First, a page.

Player Comments on The Reign of Terror
I'm rendered speechless, it reads like a true memoir in a good way. I think it's one of your best works yet and strikes a perfect balance between keeping a good narrative and sticking to a historical accuracy. I always do think that the gritty detective drinking alcohol sets up quite a good tone such as film directors do with smoking.
And it also makes use of the fact that it's interactive fiction. The thing that made me really tug at my heartstrings was the trial scene where the detective was asked whether there was anything, anything else he could do to bring the murder victims justice. I clicked through every possible choice and found myself with the answer: "they all got away, we cannot do anything anymore, it's all we can do." This anger and frustration I felt, it must be hundred times that for the people that had worked in real life on the case and of course the victims' families.
During the interviews, there were these short dialogues Clipped one after the other. The tension I felt reading these sequences were truly nailbiting. The lack of any descriptions during these scènes made you focus even more on how awkward they must have been in real life.
In short, come on people and don't procrastinate on it like I did, it's a good read and needs more loving praise.
on 11/4/2022 4:46:06 PM with a score of 0
I haven't reviewed in a while, so bear with me while I try to haphazardly pile my thoughts on the page.
This story is the first time that I (and many others, I'm sure) have even heard of this string of murders and schemes for money, up to hundreds of Indians killed within the timespan of a few years. It's chilling to see each lifelike character near us die mysteriously, as if being dragged down to a dark undercurrent by an unknown force. Call me soft, but I was scared silly. But that only meant that the discovery of the truth and persecution of the criminals were all the more gratifying, and I'm all for it.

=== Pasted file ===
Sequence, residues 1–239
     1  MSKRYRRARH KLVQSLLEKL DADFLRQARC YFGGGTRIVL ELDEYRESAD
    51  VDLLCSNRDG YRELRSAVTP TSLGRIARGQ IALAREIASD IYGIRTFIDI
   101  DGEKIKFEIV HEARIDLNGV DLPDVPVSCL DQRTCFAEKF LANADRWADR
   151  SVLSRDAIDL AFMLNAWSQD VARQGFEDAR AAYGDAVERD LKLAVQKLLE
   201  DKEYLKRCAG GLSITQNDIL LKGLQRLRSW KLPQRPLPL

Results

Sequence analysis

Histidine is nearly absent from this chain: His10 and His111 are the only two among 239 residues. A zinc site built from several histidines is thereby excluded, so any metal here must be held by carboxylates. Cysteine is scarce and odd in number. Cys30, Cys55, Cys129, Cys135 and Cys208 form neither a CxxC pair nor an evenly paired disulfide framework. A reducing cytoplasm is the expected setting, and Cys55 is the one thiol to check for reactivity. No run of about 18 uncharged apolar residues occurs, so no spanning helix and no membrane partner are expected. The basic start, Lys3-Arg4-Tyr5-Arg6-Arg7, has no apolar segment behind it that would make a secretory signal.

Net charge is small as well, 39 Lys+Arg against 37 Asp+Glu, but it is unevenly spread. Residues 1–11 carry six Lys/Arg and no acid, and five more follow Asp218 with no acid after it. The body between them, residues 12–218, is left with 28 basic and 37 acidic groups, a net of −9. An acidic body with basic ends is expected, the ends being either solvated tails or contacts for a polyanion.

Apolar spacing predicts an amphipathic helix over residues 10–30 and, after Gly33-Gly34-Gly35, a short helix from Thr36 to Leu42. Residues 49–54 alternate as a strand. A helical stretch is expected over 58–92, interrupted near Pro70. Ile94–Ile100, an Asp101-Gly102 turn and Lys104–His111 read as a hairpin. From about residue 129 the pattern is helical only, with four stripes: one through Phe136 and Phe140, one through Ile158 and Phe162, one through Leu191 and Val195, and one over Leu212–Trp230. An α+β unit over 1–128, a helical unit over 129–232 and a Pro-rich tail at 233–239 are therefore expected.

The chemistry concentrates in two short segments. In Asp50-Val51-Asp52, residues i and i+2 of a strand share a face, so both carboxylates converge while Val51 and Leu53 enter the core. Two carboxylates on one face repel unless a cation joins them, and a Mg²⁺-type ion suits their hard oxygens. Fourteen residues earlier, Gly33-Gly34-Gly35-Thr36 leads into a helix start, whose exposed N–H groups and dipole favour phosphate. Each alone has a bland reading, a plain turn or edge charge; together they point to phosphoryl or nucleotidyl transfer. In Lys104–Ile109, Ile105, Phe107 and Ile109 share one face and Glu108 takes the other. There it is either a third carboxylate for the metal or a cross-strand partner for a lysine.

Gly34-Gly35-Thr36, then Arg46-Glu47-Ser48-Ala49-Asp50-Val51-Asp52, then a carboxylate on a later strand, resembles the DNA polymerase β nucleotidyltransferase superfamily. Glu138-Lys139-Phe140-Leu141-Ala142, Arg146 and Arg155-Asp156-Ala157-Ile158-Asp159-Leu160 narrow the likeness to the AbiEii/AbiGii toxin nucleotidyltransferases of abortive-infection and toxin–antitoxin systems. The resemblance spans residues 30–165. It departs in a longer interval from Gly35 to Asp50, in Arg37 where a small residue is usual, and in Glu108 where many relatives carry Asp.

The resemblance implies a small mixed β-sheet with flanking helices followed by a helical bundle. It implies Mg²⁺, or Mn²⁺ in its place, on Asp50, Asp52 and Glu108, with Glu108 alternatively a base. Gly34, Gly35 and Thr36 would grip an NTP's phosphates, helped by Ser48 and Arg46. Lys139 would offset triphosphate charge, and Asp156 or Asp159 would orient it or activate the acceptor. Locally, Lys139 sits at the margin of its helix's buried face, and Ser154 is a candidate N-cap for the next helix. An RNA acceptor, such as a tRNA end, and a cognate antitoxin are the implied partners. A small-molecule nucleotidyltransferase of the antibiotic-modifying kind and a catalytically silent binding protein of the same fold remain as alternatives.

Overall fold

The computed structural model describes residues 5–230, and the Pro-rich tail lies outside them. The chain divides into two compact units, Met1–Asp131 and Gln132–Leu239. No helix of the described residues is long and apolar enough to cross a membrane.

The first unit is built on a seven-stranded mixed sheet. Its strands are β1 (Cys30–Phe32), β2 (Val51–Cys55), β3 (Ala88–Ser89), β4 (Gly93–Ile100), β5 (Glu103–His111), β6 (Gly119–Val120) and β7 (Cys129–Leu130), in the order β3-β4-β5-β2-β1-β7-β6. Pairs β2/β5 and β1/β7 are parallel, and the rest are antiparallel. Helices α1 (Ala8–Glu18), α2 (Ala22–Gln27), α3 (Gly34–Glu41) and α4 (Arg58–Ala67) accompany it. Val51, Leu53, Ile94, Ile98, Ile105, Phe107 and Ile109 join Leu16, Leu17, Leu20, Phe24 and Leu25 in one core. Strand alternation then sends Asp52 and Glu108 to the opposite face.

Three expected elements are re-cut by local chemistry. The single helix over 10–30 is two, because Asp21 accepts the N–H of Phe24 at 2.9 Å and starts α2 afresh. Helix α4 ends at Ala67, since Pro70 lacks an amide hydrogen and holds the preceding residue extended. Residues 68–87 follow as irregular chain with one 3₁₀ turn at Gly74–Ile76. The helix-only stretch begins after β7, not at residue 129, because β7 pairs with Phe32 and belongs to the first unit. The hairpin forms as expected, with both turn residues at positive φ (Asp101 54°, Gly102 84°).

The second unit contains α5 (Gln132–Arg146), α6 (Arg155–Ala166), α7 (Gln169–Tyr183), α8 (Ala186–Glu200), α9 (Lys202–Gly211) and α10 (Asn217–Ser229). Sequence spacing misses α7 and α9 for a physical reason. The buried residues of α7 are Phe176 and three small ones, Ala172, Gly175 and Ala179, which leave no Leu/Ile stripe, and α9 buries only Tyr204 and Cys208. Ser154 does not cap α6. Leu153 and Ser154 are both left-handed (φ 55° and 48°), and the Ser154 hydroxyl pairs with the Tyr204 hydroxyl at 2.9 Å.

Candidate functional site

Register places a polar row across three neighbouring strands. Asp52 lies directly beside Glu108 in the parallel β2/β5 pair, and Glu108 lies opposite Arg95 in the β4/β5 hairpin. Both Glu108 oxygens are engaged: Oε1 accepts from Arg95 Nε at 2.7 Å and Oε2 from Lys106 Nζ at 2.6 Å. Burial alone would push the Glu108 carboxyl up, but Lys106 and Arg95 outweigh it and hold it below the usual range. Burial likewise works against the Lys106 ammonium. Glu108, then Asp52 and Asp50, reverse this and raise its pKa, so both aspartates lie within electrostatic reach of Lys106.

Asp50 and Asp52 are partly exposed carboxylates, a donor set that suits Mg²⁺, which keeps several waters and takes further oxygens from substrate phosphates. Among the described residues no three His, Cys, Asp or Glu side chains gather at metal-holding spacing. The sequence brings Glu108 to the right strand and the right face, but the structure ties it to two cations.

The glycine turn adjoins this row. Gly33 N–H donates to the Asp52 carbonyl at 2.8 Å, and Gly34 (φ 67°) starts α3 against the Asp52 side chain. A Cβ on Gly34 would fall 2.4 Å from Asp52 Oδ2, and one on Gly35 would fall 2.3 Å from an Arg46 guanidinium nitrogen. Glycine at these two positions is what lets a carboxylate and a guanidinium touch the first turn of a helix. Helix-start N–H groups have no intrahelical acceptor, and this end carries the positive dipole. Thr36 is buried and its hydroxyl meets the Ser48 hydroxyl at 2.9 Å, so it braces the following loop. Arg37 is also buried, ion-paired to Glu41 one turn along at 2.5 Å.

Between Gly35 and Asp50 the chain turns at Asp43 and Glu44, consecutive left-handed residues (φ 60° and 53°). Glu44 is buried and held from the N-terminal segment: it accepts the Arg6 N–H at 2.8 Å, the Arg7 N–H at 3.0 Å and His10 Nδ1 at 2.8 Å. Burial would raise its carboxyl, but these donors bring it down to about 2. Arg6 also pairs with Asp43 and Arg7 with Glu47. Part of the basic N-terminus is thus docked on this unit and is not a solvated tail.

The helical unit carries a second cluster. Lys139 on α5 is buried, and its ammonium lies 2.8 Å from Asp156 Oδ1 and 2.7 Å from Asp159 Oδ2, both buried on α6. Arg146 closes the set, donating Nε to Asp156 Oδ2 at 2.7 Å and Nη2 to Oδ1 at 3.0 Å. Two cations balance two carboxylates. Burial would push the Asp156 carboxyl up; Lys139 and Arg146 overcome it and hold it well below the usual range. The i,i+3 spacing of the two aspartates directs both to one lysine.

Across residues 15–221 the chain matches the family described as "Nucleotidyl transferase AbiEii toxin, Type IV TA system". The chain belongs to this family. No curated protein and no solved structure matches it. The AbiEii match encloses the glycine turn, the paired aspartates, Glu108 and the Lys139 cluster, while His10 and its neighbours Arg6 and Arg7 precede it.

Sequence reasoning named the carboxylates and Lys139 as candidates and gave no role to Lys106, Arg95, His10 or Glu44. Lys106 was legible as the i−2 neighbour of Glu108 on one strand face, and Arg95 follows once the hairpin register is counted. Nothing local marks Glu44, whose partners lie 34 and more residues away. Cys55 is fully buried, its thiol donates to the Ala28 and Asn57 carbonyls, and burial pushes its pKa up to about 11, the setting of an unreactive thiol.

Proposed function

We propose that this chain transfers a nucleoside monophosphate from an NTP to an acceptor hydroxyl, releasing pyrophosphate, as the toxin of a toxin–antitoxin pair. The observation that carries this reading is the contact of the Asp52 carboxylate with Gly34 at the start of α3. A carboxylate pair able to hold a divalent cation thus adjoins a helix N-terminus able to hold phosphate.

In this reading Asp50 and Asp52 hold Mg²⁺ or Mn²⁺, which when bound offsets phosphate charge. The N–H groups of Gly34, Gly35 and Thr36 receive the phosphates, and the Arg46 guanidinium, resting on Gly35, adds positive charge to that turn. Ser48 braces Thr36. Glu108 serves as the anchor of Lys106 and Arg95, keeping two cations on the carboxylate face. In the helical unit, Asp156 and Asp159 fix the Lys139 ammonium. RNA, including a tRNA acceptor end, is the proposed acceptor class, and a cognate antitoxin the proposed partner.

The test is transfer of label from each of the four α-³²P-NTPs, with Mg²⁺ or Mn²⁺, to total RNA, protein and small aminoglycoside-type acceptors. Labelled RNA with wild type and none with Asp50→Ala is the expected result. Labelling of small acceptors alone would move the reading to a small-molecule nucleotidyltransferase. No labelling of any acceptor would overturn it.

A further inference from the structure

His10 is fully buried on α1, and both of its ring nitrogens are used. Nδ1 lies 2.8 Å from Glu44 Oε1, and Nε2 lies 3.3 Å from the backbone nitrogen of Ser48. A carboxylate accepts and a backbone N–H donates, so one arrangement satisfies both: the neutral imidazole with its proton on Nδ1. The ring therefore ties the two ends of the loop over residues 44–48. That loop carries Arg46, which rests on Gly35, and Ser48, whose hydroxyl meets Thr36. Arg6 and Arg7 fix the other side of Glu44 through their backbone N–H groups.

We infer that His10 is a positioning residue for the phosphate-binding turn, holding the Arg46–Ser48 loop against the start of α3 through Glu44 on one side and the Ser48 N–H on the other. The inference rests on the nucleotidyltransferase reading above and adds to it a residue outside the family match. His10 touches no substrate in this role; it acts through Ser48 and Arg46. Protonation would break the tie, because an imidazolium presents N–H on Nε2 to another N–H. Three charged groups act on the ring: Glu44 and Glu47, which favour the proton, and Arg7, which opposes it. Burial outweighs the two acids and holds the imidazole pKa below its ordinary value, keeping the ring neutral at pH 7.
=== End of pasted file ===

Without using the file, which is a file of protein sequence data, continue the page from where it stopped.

The writing itself was quite fantastic, matching the plot's dark undertones and flowing quite nicely from scene to scene. The dialogue was crafted appropriately, faithful to (what I believe) the 1920's South. Nothing felt clunky or in the way of immersion. The attention to detail is astounding, and really helped in the enjoyment while I read.
I could see some complaining about the lack of choices in this game, but it's only natural that there's not much warping and branching in a story based in history. I had plenty of enjoyment reading through each of the 3 choice "interrogations", and I would definitely take a thoughtful story like this over many other choice "stories".
Wonderful reading, what more can I say?
on 10/19/2022 5:17:49 PM with a score of 0
I really enjoyed this story. I'm not sure everybody is going to love it but I had a blast reading... most of it. I will mention some of the stuff I found lackluster later on. A big part of it is actually the technical details of how this game... or rather, story, was implemented. But I will begin with the good stuff.
The intro is absolutely phenomenal and incredibly personal. Right at the beginning, I am introduced to the character and can empathize with him. And given I'm an edgy fascist, that's an achievement since this is not the type of intro I would usually like.
I like the effort put into the different ways the people speak. I find it incredibly tough to do, personally, and people have mentioned the anachronistic dialogue issue in my games. Big props for that. And also for using the gamer word in a context-appropriate way. Of course in the 1920's people wouldn't hesitate to call somebody a nigger. Though nobody was ever going to make an issue of that on this website.
This story was proofread pretty well. I found a very small amount of typos. For example, for the very first victim, one of the pages says "they bought the boat back" rather than brought it. So this story gets extra points for attention to that.
Humor is present throughout the story. Dark humor, which also happens to be my favorite kind, and I will list some of my favorite examples:
- He confesses to killing Lewis for her money and is sentenced to death. The sentence is commuted to life imprisonment. The sentence is then commuted again to six years imprisonment. (I don't think this one was supposed to be funny, rather sad, and showing the unfair treatment of Indians at the time, but I laughed so hard).